Umpqua National ForestLeave review
About Umpqua National Forest
Campgrounds in Umpqua
This park doesn't have any submitted photos—just yet.
Drop some Umpqua knowledge on us.
We were on a driving mission down the PCH and finding camp spots along the way. Nestled amongst the trees Horseshoe Bend was a special kind of campground; quiet, foresty, with only the sound of the river running through. There's nothing fancy about this campground, but it does have decent fire pits and picnic tables to put on a good camp dinner.
Insane amounts of mosquitos. Jumping in the (kindof gross) lake was the only escape!
We got lucky and got the last spot here on a Saturday on a summer afternoon. Nice sites. Tons of RVs...expect the hum of generators to cut through the serenity of nature starting around 7:30am.
Very good hiking nearby. Definitely not a bad spot to pitch a tent for a night or two.
Heavily wooded, spaced out campsites make this place special. You get privacy, and if you aren't lucky enough to get a campsite on the lake it's a short walk from all the campsites. Make sure to get there before check-in closes around 8 though, and it is a drive to get to the showers. Very close to crater lake, but if you enter at popular times there is a car backup at the entryway. Would recommend!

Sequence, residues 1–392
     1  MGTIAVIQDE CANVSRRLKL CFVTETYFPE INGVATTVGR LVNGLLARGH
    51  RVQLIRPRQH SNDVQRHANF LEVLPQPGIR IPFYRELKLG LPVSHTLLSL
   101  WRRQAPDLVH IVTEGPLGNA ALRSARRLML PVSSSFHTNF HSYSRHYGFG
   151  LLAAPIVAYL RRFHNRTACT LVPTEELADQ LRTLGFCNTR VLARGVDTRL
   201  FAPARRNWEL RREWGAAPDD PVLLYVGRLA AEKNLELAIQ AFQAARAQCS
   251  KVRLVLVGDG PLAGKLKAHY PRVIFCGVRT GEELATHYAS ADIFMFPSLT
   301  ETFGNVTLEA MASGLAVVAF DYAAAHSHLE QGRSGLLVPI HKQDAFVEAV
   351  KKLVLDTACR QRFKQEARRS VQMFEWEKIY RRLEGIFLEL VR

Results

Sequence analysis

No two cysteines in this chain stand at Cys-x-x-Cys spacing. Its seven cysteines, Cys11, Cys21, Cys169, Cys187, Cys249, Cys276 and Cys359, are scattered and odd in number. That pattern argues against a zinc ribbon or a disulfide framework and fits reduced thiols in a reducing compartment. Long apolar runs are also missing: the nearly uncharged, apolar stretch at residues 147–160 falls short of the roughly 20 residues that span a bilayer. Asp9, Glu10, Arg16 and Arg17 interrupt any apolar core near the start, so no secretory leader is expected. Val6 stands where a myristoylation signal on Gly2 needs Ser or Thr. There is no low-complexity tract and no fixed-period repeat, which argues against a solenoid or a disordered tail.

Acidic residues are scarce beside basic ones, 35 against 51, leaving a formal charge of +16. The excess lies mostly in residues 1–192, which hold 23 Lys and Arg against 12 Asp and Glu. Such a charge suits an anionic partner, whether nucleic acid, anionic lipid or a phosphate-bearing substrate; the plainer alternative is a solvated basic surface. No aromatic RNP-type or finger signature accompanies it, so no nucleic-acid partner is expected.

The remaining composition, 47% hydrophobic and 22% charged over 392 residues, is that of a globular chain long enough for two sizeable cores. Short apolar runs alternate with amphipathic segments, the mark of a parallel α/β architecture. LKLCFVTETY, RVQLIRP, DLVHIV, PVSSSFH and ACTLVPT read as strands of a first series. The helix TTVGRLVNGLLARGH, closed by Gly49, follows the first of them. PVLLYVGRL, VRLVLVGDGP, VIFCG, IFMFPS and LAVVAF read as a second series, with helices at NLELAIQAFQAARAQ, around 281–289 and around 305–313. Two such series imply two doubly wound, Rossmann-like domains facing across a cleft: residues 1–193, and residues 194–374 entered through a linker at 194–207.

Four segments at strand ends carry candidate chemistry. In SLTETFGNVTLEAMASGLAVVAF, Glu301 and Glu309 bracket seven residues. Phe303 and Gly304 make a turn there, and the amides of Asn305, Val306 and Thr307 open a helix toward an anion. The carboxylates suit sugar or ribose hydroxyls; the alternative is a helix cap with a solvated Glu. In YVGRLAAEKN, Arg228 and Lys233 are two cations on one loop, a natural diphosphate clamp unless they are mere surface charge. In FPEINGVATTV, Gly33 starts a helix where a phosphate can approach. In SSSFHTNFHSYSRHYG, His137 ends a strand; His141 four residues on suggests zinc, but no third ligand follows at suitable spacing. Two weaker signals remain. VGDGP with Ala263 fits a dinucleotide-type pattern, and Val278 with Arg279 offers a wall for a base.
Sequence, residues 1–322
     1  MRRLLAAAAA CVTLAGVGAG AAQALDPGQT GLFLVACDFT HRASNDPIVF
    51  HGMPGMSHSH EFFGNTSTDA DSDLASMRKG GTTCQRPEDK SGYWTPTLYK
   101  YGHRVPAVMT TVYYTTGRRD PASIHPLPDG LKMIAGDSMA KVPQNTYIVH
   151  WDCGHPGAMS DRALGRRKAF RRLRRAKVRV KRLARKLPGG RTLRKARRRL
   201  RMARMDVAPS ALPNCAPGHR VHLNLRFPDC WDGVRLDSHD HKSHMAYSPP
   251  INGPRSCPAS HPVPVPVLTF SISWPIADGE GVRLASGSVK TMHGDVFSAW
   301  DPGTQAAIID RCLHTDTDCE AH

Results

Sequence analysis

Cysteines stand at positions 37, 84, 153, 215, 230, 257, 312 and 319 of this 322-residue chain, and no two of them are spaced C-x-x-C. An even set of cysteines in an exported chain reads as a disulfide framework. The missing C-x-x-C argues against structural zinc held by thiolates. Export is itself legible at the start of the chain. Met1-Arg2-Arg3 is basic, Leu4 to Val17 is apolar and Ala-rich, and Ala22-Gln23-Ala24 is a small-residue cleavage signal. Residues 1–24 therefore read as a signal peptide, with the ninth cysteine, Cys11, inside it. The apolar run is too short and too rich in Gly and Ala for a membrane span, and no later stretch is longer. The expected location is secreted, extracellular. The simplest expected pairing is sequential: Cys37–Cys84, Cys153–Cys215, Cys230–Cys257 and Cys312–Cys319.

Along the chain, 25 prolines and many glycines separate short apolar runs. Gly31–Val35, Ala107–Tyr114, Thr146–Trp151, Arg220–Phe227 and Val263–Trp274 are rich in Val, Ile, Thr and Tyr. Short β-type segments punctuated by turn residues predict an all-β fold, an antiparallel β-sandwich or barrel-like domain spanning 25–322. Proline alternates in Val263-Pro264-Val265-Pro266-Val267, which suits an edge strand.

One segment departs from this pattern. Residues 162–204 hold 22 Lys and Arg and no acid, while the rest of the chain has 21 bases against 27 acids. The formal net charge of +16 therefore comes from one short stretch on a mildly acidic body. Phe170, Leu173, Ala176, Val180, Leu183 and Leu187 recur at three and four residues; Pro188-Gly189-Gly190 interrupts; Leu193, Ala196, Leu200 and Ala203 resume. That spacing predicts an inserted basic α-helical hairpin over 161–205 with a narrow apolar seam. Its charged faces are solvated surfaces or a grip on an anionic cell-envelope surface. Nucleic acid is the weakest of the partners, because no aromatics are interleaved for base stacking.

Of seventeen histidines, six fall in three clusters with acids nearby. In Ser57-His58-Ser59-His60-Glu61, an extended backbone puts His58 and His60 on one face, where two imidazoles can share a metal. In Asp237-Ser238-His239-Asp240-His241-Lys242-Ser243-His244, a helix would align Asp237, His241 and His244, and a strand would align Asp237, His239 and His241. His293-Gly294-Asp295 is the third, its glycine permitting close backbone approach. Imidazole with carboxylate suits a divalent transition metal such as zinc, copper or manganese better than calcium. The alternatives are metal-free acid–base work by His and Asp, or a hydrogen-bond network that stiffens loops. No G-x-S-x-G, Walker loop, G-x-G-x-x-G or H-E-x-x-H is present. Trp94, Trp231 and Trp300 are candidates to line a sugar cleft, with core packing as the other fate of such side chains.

Camped here on a road trip from California. Visited Crater lake and headed to this campsite on my way to Portland the next day. Wow was I blown away by the beauty, the sunrise was unreal. I woke up to a gigantic mountain with fresh snow on top. The campsite was easy to find with great bathrooms and showers.
History of Umpqua National Forest
High Cascades glaciation, whitewater rapids and explosive volcanic events have shaped the spectacular scenery and abundant natural resources of the Umpqua National Forest.
The lands were included as part of the Cascade Forest Reserve in 1893. In 1908, Congress designated close to a million acres as the Umpqua National Forest.
The headwaters of the North and South Umpqua rivers and Row River begin on the Forest. Verdant stands of hemlock, true fir, Douglas-fir and cedar transition to lower elevation forests of mixed conifers and hardwoods. The waterways and diverse landscapes of the Forest create desirable habitat for many species of fish and wildlife in addition to providing outstanding recreational opportunities to our local communities and visitors.